Archive for the ‘Violating Rule #12’ Category

I know…

Sunday, September 4th, 2005

I know that lineup image has thoroughly trashed my layout. I promise I’ll fix it when I get to a computer with Photoshop on it. It’s OK, I don’t think either of my readers really cares, but I just thought I’d let you know that I am actually a fairly conscientous blogger and I’m aware when I make stuff look like crap.

On the other hand, I have been working about 15 hour days all week, including this weekend and continuing into tomorrow in order to support Major Home and Auto Insurance Provider’s call routing so that those many thousands of people insured with us in the impacted areas can get through to a representative to file their claim and get a check so that they can eat and sleep. A Major Long-Distance Carrier whose network my company uses had some major issues receiving hand-off from the local phone company down there and that was causing all kinds of headaches. It’s all ok now though thanks to the tireless efforts of our voice support team. It’s funny, but until I started working in telecom, I never even considered how much effort went into ensuring that the phones work. You never realize just how important that simple little device is. And it is simple. Two wires, a microphone, a speaker and a hook switch have altered the very structure of communication amongst humans. Something that hadn’t happen prior to that in thousands of years. While writing and telegraphy were gigantic milestones, it took centuries for their effects to be felt by the average person. In the hundred or so years since the telephone was invented, Human Life has become unrecognizable from someone living in 1880.

I feel grateful that I can help my company help the people it does. I don’t mind the hours. I don’t mind the work. I just want to help. This is all I have.

I will be donating a little over $100 (all of my rainy day pocket change savings from the last 6 years), 2 flats of baby food and another $10 in non-perishables to the effort through my employer. They have promised to match dollar-for-dollar all of the cash donated through them. Please check with your employer and see if you can do the same.

Finally!

Friday, July 29th, 2005

With the submission of this post and the closing of this laptop, I will officially begin my long overdue, well-deserved, and desperately needed two weeks of vacation (which includes a trip to the local Geek Mecca – the WizardWorld Comic Convention in Rosemont, IL and a decidedly non-geeky trip to watch Da Bears training camp on my birthday).

Cards and presents can be left at the doorstep and the butler will collect them while I am away.

We have a busy week schedule the first week, but not much planned the second week. Therefore, blogging may pick up upon my return. At the very least ComicCon pictures will be shown. Til then, Ta Ta!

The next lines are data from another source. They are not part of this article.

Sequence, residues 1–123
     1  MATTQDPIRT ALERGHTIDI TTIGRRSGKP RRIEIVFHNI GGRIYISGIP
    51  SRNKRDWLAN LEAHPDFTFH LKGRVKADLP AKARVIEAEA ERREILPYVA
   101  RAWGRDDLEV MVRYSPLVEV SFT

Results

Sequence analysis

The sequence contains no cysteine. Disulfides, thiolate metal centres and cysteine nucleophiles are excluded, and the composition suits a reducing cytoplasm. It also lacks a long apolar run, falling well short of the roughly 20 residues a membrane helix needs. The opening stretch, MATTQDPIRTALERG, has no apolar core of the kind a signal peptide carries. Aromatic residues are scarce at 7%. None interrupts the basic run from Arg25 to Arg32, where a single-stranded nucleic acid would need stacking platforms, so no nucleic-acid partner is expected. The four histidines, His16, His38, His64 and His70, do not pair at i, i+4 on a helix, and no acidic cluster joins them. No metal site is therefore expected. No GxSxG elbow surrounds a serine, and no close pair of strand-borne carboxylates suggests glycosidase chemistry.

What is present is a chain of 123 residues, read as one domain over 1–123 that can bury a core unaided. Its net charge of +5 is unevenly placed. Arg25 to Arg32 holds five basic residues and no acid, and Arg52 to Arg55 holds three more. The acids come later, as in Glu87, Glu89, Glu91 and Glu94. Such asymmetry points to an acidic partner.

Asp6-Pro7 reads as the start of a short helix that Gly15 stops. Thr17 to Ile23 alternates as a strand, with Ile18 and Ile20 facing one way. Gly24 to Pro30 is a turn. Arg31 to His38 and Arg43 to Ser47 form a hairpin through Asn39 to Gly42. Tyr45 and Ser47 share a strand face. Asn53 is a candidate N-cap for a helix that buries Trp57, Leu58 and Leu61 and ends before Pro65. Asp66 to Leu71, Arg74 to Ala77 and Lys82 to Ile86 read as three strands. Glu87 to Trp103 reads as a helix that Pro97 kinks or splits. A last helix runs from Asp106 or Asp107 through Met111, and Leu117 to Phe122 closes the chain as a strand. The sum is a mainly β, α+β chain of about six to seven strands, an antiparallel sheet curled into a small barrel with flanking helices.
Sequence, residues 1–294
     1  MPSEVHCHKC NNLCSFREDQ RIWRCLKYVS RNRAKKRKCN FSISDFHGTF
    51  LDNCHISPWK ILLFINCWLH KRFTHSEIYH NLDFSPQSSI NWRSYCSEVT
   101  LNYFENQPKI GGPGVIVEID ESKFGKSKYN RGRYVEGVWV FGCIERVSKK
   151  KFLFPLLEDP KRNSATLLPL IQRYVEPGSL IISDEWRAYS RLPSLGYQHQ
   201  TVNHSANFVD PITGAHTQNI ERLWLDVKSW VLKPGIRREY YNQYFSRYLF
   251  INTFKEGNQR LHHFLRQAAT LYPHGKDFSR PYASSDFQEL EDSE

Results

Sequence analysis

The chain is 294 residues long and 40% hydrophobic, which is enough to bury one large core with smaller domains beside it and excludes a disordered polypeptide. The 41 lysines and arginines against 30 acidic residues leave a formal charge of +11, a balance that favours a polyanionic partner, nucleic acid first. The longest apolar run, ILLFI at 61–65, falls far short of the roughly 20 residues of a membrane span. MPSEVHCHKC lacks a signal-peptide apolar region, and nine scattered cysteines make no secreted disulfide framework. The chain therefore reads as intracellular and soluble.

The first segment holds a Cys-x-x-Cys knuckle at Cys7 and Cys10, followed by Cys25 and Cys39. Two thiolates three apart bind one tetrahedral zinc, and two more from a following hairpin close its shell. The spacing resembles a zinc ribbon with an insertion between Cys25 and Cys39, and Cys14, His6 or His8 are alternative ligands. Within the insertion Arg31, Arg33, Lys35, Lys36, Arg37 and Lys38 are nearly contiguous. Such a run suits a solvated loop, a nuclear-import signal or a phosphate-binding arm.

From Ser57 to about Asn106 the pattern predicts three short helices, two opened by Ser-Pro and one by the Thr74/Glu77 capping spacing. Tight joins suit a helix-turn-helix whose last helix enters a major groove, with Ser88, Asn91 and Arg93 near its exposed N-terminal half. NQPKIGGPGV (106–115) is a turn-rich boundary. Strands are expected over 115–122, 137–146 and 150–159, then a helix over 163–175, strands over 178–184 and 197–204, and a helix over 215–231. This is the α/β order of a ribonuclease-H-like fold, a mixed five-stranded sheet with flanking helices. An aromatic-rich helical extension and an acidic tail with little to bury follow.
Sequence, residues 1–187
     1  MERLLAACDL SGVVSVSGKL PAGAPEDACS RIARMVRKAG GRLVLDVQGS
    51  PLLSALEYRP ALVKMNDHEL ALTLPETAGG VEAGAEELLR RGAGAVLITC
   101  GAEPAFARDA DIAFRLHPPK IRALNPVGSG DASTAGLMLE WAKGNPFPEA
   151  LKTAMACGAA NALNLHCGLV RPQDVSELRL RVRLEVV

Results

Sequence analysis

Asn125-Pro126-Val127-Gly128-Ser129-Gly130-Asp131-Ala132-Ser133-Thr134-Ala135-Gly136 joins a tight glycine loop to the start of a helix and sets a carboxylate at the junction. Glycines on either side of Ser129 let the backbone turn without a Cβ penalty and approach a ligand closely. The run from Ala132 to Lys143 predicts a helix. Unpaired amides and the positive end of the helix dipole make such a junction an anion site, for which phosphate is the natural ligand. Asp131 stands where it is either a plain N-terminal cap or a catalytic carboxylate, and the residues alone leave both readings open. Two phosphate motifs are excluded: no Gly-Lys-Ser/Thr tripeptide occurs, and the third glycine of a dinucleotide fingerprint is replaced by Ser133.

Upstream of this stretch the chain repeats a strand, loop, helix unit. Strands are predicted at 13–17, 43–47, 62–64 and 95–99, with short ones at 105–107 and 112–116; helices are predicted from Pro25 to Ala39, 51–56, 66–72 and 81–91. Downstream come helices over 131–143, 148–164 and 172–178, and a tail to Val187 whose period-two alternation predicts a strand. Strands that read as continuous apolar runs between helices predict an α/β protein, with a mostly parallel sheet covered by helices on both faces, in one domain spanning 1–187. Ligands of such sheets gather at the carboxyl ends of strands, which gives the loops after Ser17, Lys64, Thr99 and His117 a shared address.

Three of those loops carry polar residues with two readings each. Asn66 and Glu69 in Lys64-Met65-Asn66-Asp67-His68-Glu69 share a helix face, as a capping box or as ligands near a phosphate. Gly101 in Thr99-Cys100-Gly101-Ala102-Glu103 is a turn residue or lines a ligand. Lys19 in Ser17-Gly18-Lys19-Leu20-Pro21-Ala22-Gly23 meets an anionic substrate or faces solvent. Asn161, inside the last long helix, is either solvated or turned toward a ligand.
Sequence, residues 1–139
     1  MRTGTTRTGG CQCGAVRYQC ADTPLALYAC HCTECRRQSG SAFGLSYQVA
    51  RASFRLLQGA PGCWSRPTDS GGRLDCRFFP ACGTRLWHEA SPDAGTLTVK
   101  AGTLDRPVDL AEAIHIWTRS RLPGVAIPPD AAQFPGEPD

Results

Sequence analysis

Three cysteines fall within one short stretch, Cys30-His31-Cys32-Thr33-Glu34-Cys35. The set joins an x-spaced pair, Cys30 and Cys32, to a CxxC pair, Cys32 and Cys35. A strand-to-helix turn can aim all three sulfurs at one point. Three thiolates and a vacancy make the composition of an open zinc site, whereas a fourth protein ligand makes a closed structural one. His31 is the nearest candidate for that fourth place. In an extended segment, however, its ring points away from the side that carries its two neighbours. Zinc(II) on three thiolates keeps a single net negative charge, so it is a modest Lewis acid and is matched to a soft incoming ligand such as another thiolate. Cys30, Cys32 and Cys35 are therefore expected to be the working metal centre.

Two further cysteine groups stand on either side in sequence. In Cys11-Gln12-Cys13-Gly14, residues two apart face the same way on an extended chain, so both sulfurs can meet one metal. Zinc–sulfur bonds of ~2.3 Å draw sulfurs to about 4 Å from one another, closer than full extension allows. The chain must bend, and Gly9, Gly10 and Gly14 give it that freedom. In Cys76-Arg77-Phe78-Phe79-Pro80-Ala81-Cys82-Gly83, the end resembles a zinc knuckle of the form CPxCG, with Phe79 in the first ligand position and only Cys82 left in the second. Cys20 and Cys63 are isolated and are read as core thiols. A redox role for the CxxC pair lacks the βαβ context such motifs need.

Life imitates Satire

Monday, June 13th, 2005

I love the Urban Legends Reference Pages. I get the RSS feed. I surf it when I’m bored. I love being able to recognize those doofy celebrity story emails and dubious claims in forwards. It makes me feel smart. (Really, I’m usurping someone else’s hard work I guess, but there’s value in knowing which sources can be counted on as definitive and trusted).

I read on Drudge today that Steve Jobs tells Stanford grads that dropping out was the best thing that ever happened to him. My snopes sense began tingling so I did a snopes search on “Steve Jobs drop-out” and hit this old SatireWire piece that had been snopesed about Larry Ellison, founder of Oracle, telling graduates that they ought to “drop out and start-up.”

Memorable quotes include:

“Please, take a ood look around you. Look at the classmate on your left. Look at the classmate on your right. Now, consider this: five years from now, 10 years from now, even 30 years from now, odds are the person on your left is going to be a loser. The person on your right, meanwhile, will also be a loser. And you, in the middle? What can you expect? Loser. Loserhood. Loser Cum Laude. “

“Hmm . . . you’re very upset. That’s understandable. So let me stroke your egos for a moment by pointing out, quite sincerely, that your diplomas were not attained in vain. Most of you, I imagine, have spent four to five years here, and in many ways what you’ve learned and endured will serve you well in the years ahead. You’ve established good work habits. You’ve established a network of people that will help you down the road. And you’ve established what will be lifelong relationships with the word ‘therapy.’ All that of is good. For in truth, you will need that network. You will need those strong work habits. You will need that therapy.

You will need them because you didn’t drop out, and so you will never be among the richest people in the world. Oh sure, you may, perhaps, work your way up to No. 10 or No. 11, like Steve Ballmer. But then, I don’t have to tell you who he really works for, do I? And for the record, he dropped out of grad school. Bit of a late bloomer.

Finally, I realize that many of you, and hopefully by now most of you, are wondering, ‘Is there anything I can do? Is there any hope for me at all?’ Actually, no. It’s too late. You’ve absorbed too much, think you know too much. You’re not 19 anymore. You have a built-in cap, and I’m not referring to the mortar boards on your heads.”